There’s no denying it: Marketing is still changing. But while the pandemic certainly altered how marketers engage with their audiences, the evolution of the practice was already well underway with the slow death of the cookie, ongoing calls for greater transparency in advertising, the rush to personalization, and the myriad of other trends affecting the future of marketing.
In the B2B world, specifically, marketers are facing even more of a challenge given just how much compounded complexity the buying marketplace has experienced in recent years. To boot, B2B buying now is largely a self-guided process and the majority of buyers would prefer not to interact with a vendor at all (even though they recognize that they have to).
With such a fragmented journey, marketers are facing a collective conundrum in how to effectively reach those buying committees now. The audience is too disparate, the landscape too complex, the decision-makers too numerous.
But there’s a light at the end of the tunnel: In a world where self-directed fact-finding is leading the charge, ABM strategies are shining as incredibly reliable approaches for marketing teams looking to drive business results. So much so that about one-third of marketers who’ve never used ABM told HubSpot they’re planning to invest in it for the first time this year.
As both an ABM practitioner and the demand gen leader for ABM platform RollWorks, I’m excited by the long-overdue influx of marketers looking to incorporate ABM into their strategies this year. Here's how I think their investment is going to further shape our ever-evolving industry.
1. Marketers will continue to lean into stage-specific approaches to drive conversion.
Rather than measuring leads through traditional stages defined by someone else, we’re already seeing marketing transition to measuring accounts as they move through custom-defined buying stages. Being able to visualize all accounts progressing from unaware to post-sale gives marketers the power to make trend-based decisions and take the next-best action that directly impacts the ultimate KPI: revenue (rather than staring at results thinking “too little, too late.”).
2. Marketers will continue to deepen the effectiveness of inbound.
While incredibly effective at capturing demand using a wide-reaching approach, inbound alone doesn’t help create it. Whereas ABM— largely an outbound strategy that complements your inbound and traditional lead-based models—creates demand by concentrating marketing and sales resources on engaging specific high-value target accounts through the funnel. It doesn’t take a massive overhaul of strategy to get started. We’re seeing marketing teams amplify the effectiveness of their 1:many channels like email, display, content syndication, and more, simply by targeting the right accounts (versus everyone in their TAM).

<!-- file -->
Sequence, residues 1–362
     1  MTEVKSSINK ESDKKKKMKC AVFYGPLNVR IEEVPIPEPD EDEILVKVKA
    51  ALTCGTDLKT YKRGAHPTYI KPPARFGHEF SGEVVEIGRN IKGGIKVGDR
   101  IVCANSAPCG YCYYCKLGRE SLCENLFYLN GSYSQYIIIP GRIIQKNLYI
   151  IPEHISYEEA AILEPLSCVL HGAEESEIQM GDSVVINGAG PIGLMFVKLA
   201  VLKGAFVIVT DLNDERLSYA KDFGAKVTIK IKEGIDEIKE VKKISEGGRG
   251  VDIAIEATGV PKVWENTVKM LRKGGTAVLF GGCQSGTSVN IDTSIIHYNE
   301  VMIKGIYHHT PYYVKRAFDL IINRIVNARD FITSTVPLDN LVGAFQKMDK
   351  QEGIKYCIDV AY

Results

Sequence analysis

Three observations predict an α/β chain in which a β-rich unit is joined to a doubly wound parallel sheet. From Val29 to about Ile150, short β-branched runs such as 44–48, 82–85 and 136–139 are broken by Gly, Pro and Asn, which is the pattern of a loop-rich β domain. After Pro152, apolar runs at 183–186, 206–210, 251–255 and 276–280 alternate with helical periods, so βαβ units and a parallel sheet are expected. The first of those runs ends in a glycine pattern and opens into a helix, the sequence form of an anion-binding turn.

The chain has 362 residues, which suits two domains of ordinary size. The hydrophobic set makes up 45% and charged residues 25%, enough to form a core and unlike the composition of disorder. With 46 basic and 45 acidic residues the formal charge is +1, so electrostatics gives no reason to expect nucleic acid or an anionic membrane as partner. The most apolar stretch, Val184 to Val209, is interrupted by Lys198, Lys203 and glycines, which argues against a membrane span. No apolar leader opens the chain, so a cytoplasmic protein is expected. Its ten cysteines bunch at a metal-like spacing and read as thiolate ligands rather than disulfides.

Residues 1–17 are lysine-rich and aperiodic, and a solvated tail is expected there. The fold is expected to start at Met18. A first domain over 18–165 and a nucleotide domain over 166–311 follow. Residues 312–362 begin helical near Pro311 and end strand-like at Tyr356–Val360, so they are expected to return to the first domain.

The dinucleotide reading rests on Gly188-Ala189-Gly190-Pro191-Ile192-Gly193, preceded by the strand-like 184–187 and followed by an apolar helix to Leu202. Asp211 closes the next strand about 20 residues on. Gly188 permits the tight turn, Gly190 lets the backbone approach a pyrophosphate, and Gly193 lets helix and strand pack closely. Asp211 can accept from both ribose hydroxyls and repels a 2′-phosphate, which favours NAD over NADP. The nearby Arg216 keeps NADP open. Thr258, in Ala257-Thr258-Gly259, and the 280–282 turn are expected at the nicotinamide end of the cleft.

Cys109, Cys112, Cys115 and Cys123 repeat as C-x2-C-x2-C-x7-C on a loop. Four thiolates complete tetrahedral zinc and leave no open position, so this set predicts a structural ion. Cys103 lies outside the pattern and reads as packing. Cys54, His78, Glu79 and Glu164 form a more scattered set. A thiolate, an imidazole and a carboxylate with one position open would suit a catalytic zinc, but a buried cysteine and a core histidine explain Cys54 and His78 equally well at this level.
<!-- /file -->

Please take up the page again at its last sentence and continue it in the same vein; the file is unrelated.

Over the last year, marketers have continued to embrace a world where inbound and ABM complement one another to drive the most ROI, and I expect we’ll continue to see an increase in how partnerships like our integration with HubSpot are helping teams of all sizes and growth stages achieve better results, faster.
3. Marketers will finally achieve alignment with sales.
In 2020, Demand Gen Report’s ABM Benchmark Survey found that sales and marketing alignment was respondents’ second-biggest ABM-related challenge. Fast forward two years, and I recently saw in Forrester that 35% of B2B marketing leaders “will prioritize improving marketing alignment and collaboration with other departments over the next two years.”
At the end of the day, ABM is key to sales acceleration with its ability to automate faster sales cycles, go more upstream, and really be able to focus on the higher quality opportunities that are going to ultimately drive the most revenue growth. Given such a concerted focus across the marketing function to invest in ABM, I think this is the year we’ll finally see businesses, of all sizes, go-to-market with a unified, aligned marketing and sales strategy.
I truly believe ABM is one of the most effective ways to drive demand—we know from our own research that 74% of marketing and sales professionals consider ABM a critical part of their mix. And as ABM continues to converge with inbound, marketing automation, and other demand gen strategies, there are going to be infinite opportunities this year for marketers to bring some much-needed innovation back to marketing.
But it’s important to keep in mind there is no one-size-fits-all approach to success. However you implement ABM into your own organization depends a lot on the size and scale of your team, the sophistication of your marketing function, and so much more.
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About the AuthorMore Content by Jodi Cerretani, Sr. Director of Demand Gen